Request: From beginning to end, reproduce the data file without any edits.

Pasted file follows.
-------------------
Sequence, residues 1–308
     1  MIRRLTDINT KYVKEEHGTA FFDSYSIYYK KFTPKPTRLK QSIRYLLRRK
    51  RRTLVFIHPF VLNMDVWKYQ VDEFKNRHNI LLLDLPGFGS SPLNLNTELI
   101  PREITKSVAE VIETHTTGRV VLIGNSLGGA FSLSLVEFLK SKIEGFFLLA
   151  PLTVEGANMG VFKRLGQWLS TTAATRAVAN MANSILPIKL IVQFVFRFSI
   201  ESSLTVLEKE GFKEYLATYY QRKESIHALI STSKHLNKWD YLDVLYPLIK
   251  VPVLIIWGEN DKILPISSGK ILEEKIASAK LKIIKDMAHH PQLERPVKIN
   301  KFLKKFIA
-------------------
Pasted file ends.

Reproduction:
Sequence, residues 1–308
     1  MIRRLTDINT KYVKEEHGTA FFDSYSIYYK KFTPKPTRLK QSIRYLLRRK
    51  RRTLVFIHPF VLNMDVWKYQ VDEFKNRHNI LLLDLPGFGS SPLNLNTELI
   101  PREITKSVAE VIETHTTGRV VLIGNSLGGA FSLSLVEFLK SKIEGFFLLA
   151  PLTVEGANMG VFKRLGQWLS TTAATRAVAN MANSILPIKL IVQFVFRFSI
   201  ESSLTVLEKE GFKEYLATYY QRKESIHALI STSKHLNKWD YLDVLYPLIK
   251  VPVLIIWGEN DKILPISSGK ILEEKIASAK LKIIKDMAHH PQLERPVKIN
   301  KFLKKFIA